2) Dominant web tools such as Google Webmaster Tools clearly identify what direction to drive in, what path to focus on and how to reach our goals, but who has time for that!
3) Consumer statistics such as above back up Google’s never-ending updates, but the problem that underlies is by the time we arrive at planet “thank god we made it” Google has already programmed new direction, right or wrong?
Business owners are typically great at doing what they love the most, managing their business!
*I’d be willing to be the surf shop owner didn’t really dream on becoming an Internet Marketer when he grew up, he didn’t want to waste countless hours a day in front of his MAC! I believe he wanted to own a business doing (exactly) what he loves to do, but that dream has been spoiled and he now must sink or swim with the online sharks circling his store!! HOW FAIR IS THAT? Not very, but it’s a reality and business has advanced to “Digital Marketing” so if you’re not swimming in Digital Advancement Technology (and no expect you to be) that truly supports and pushes todays marketing era then you have no choice but to find a team that eats, breathes and lives for new technology and stays current in today’s cutting edge technology before your neighbor who’s opened up shop down the street “who also sells surf boards” claims your Online Real-Estate!”
DAN WEIK / President & CEO
BUSINESS RATER, LLC.
5694 Mission Center Rd #141
San Diego, CA. 92108
A general description of Business Rater for your understanding:
Business Rater is a Review and Rating System that is custom-built for businesses to allow them to moderate their own reviews on the web after collecting approx. 99% of their sold customer’s reviews and ratings using our improved sales process. We then market those positive results to Google, Yahoo, Bing increasing SEO/SEM on relative search phrases to the dealer, ultimately driving more traffic to the dealers website and rooftop.
With (BR) integrated survey system our clients receive detailed statistic analytics of their sold customers to optimize their current marketing and advertising campaigns and strategies. Business Rater not only improves their online reputation, but trumps other 3rd party companies and competitors competing for their page on relative search phrases like City/Year/Make/Model, service department services searches, employee searches, business franchise and marque name searches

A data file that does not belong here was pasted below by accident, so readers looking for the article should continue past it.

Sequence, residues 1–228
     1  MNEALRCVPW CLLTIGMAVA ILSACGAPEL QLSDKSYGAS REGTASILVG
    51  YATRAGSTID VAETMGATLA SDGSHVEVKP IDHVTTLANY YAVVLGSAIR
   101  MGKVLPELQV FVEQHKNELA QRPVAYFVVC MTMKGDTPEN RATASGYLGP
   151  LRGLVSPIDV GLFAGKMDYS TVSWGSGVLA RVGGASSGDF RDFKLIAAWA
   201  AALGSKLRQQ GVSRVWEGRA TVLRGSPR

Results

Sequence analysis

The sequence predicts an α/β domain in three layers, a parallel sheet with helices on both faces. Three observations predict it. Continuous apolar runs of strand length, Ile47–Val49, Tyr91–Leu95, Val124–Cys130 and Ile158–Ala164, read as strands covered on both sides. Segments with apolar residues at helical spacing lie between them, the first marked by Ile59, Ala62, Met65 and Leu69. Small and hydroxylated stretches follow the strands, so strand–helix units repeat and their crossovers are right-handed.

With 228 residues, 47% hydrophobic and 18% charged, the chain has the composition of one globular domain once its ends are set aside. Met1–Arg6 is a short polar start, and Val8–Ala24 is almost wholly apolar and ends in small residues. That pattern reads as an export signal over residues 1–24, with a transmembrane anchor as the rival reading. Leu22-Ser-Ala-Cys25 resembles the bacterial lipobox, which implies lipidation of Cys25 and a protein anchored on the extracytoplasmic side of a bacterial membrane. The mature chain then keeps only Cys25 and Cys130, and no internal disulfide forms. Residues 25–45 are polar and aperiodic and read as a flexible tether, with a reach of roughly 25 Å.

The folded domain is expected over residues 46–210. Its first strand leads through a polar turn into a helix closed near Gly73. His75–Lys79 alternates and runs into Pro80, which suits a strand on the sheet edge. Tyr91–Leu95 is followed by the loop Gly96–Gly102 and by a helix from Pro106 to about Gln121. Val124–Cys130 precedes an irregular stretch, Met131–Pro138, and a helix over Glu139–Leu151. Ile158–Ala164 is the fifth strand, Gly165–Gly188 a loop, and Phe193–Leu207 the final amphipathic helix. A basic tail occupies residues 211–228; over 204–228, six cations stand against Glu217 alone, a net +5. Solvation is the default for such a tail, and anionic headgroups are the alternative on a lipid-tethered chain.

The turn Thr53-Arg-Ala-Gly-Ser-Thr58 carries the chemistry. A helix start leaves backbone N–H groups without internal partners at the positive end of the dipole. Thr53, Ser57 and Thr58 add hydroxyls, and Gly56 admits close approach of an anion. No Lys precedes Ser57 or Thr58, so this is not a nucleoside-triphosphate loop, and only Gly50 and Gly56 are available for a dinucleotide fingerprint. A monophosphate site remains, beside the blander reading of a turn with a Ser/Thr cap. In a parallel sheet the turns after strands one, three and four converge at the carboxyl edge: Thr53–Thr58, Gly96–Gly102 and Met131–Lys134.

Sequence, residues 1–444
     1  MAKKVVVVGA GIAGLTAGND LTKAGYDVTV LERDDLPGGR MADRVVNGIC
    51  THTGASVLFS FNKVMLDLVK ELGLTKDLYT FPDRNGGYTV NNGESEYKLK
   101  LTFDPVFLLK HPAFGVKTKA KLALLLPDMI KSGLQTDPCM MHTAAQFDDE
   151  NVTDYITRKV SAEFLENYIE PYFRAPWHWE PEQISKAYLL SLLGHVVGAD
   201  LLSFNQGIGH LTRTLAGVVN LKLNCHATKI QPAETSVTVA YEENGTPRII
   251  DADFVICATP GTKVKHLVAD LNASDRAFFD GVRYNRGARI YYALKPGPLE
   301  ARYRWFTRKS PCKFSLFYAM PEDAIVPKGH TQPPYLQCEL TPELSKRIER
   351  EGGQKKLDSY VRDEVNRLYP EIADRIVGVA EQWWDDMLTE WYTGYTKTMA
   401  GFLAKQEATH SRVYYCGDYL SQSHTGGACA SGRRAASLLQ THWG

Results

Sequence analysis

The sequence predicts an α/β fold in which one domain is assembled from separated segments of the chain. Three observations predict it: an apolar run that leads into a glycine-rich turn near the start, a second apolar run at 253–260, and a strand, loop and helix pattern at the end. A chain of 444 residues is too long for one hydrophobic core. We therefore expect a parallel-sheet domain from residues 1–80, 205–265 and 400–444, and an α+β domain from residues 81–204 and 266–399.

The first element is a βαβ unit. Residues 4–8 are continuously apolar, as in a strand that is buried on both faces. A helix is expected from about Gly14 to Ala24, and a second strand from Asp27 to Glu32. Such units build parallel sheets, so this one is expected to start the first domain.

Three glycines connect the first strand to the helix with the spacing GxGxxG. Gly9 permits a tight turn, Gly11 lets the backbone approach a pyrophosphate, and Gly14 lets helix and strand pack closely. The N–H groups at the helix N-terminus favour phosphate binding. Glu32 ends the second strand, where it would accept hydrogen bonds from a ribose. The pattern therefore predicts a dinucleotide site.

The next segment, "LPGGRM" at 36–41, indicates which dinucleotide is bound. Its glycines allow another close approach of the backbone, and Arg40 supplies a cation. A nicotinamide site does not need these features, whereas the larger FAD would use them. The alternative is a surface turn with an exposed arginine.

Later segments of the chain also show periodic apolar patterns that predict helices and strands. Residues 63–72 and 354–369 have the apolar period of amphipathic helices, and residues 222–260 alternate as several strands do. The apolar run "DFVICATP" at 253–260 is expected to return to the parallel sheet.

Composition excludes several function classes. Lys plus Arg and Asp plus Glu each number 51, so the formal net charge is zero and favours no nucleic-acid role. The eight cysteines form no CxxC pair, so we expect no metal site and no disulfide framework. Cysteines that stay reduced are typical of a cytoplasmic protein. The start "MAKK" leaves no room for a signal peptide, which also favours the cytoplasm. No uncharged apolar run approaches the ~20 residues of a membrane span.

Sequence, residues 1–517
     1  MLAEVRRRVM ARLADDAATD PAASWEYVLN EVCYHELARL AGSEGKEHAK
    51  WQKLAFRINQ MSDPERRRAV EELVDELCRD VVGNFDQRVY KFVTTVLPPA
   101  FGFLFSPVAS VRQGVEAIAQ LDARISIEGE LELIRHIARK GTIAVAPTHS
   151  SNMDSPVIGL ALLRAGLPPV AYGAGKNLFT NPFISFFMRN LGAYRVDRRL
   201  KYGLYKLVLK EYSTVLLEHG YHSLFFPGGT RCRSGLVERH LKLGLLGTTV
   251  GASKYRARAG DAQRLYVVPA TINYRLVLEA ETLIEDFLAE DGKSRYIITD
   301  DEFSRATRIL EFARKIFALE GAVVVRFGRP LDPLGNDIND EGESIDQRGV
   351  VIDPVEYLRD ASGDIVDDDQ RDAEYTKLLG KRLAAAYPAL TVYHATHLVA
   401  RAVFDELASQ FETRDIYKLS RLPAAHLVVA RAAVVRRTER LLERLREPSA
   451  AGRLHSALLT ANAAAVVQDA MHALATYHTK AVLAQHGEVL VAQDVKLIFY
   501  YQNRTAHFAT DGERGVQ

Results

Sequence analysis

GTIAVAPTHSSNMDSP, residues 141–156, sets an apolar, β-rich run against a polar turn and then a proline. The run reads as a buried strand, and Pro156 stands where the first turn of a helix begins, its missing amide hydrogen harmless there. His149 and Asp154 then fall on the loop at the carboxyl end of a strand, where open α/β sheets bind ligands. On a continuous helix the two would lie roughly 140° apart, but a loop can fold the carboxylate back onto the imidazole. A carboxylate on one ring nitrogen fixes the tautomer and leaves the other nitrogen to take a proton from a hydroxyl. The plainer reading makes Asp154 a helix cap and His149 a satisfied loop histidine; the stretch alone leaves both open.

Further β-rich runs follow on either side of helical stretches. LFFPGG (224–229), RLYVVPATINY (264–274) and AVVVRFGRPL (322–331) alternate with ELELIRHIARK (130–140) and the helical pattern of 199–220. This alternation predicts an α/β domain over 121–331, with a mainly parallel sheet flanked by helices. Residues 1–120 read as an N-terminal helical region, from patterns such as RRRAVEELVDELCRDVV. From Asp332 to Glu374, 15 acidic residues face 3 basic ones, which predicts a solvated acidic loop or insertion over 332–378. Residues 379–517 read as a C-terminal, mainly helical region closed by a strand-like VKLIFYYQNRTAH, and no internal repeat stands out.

Google just made a big change in how they will track organic visits to your website. If a consumer is logged into their Google Account and does a search in Google, and clicks on your link, you WILL NOT be told which keyword they used.
This has a major impact in keyword optimization and web content strategies. Google will still show referral website traffic but not the keywords used in search to arrive at your site.
Here is the official announcement from Google:
As search becomes an increasingly customized experience, particularly for signed in users, we believe that protecting these personalized search results is important. As part of that effort, today the Google Search team announced that SSL Search on https://www.google.com will become the default experience for signed in users on Google.com (see the Official Google Blog post to learn more).
Protecting user privacy is important to us, and we want to take this opportunity to explain what the Google Analytics team is doing to help you continue measuring your website effectively in light of these changes.
How will this change impact Google Analytics users?
When a signed in user visits your site from an organic Google search, all web analytics services, including Google Analytics, will continue to recognize the visit as Google “organic” search, but will no longer report the query terms that the user searched on to reach your site.
Keep in mind that the change will affect only a minority of your traffic. You will continue to see aggregate query data with no change, including visits from users who aren’t signed in and visits from Google “cpc”.
What is Google Analytics doing about it?
We are still measuring all SEO traffic. You will still be able to see your conversion rates, segmentations, and more.
To help you better identify the signed in user organic search visits, we created the token “(not provided)” within Organic Search Traffic Keyword reporting. You will continue to see referrals without any change; only the queries for signed in user visits will be affected. Note that “cpc” paid search data is not affected.
Our team continues to explore ways that we can surface relevant information, like search query data, to help you measure the effectiveness of your website and marketing efforts, and as always, we welcome any feedback or comments that you have.
Thank you for continuing to help us improve Google Analytics.
What do you have to say about this change? This is another example of why businesses need to keep connected with changes in Google because it seems like MANY things are changing on a regular basis.